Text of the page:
Sentencing Partners - September 2015 (Part II)

Posted by Chris Morales on Wed, Sep 30, 2015 @ 09:35 AM

We would like to thank our friends Joaquin & Duncan, L.L.C. for sharing this information with us.

Published By Joaquin & Duncan, L.L.C.;
A Law Firm of Federal Sentencing Attorneys

S e n t e n c i n g  P a r t n e r s

September 2015

Sentence Adjustments

(Chapter 3)

United States v. Kupper
2015 WL 4926885 (10th Cir. 2015)
Obstruction enhancement reversed

The defendant and his wife conspired to enable Dr. Armando Gutierrez (a media
consultant) to increase his compensation under a State contract without any additional work. In exchange for the increase, Dr. Gutierrez allegedly gave kickbacks to the defendant
through the defendant’s consulting company. The government alleged that Dr. Gutierrez had
disguised the kickbacks as payments for the defendant’s work on a separate media campaign involving voter awareness. A jury found the defendant guilty of stealing and participating in a conspiracy to steal federal government property. He was found guilty of tax evasion in a separate trial. The district court imposed an enhancement for obstruction of justice, under §3C1.1, on the ground that the defendant failed to reveal his under-reporting of income. On appeal, the parties agreed that the enhancement constituted error. “We too agree, for we have held that enhancement for obstruction of justice is improper based on a defendant’s failure to disclose his own crime. Thus, the enhancement for obstruction of justice constitutes reversible error.”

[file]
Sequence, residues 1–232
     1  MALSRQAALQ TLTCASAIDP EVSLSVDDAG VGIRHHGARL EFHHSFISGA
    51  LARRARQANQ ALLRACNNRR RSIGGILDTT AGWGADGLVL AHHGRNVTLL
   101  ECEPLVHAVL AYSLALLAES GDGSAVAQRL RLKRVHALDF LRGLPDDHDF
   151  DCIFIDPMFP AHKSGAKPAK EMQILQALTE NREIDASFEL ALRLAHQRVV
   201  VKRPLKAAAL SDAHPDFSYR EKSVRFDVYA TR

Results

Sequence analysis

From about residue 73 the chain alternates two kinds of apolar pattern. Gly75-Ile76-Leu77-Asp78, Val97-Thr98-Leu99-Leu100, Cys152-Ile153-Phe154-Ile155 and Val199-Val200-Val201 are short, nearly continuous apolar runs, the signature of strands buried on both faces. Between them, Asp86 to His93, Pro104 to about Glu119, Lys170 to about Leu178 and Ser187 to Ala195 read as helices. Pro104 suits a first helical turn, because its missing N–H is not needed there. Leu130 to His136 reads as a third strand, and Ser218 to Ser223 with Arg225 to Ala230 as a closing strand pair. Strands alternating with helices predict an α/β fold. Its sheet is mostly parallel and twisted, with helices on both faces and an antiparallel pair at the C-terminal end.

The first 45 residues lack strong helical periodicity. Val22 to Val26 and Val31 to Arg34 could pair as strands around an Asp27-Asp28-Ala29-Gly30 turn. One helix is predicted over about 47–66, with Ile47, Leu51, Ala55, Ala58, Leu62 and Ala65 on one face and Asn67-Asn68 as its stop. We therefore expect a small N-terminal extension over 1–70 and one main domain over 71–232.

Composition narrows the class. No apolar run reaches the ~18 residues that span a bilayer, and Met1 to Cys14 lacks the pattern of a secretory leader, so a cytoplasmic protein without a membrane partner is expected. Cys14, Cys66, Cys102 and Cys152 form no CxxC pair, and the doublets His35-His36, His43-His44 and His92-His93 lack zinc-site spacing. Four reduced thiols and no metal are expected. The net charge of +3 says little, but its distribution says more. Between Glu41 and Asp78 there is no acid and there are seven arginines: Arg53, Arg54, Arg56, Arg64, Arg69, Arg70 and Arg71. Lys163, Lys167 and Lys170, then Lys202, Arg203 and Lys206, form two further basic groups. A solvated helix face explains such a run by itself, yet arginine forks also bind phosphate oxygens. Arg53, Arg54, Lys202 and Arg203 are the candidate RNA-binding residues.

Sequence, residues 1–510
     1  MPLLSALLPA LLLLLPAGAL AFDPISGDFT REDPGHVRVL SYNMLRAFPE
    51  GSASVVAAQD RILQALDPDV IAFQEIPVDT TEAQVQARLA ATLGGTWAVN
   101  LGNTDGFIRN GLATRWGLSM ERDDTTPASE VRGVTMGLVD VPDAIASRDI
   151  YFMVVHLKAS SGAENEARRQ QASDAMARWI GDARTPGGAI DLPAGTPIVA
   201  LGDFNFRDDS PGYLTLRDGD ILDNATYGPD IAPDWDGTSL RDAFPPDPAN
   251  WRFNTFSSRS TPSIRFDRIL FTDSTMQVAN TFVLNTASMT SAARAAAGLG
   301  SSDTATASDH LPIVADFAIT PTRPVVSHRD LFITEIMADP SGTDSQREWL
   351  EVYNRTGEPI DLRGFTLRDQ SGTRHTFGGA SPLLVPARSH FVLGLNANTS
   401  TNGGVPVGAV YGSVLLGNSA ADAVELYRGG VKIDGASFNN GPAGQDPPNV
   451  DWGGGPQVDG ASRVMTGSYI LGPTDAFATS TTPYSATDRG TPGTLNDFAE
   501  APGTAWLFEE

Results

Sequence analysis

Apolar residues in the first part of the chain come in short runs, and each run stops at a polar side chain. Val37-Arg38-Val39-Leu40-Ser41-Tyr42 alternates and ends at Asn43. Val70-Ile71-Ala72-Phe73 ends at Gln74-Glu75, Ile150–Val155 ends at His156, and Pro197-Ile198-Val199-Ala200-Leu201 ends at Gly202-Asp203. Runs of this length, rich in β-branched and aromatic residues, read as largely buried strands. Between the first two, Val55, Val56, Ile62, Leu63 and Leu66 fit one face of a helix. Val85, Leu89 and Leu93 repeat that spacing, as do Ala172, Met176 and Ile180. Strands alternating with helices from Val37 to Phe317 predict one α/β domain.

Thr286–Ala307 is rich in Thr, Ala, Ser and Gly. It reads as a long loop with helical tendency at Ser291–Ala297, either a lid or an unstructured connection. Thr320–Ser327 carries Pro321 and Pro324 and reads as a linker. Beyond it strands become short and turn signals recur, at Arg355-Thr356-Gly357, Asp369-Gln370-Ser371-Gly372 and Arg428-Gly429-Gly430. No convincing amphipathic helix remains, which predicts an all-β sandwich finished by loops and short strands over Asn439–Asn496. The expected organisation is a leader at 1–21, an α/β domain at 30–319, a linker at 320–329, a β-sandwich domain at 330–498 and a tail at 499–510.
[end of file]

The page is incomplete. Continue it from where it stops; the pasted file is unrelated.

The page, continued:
United States v. Paz-Alvarez
2015 WL 4978733 (1st Cir. 2015)
Defendant used “special skill” to construct secret compartments in boats for smuggling

In 2009, the defendant was hired by drug smugglers to construct secret compartments on
two drug-smuggling boats. Within a month, law enforcement officials detected controlled
substances onboard one of the boats and it was seized. The second boat was seized after it encountered mechanical trouble and stalled in the water, loaded with 150 kilos of cocaine. Although the agents had extensive experience in searching for drugs hidden on boats, they struggled to find the sophisticated compartments that the defendant had constructed. A jury found the defendant guilty of conspiracy and controlled substance charges, finding that “more than 5kg of cocaine” were involved. The defendant’s sentencing range was 292 to 365 months, which included a twolevel enhancement under §3B1.3 because the defendant used a special skill in constructing the hidden compartments. On appeal, the defendant contended that he was “hired to put covers on already existing cavities,” and that the skills required to did that do not meet the meaning of a “special skill.” The First Circuit explained that the guidelines define a “special skill” as “a skill not possessed by members of the general public and usually requiring substantial education, training or licensing.” The court found that the defendant was being  too modest about his work. The compartments “were sophisticated compartments whose construction required more than a layperson’s capabilities in carpentry, circuitry, and hydraulics.” For instance, the defendant had replaced a wooden table (a piece of wood covering an open space) with a different, pistonoperated table powered by a car battery, which was wired to certain screws to complete the circuit. To access the compartment, a person would have to know which screws to touch with which cables to open or close it. Based on the evidence, “the district court did not clearly err in determining that a member of the general public would lack the skills necessary to create such a mechanism.”

Criminal History

(Chapter 4)

United States v. Powell
2015 WL 4926202 (6th Cir. 2015)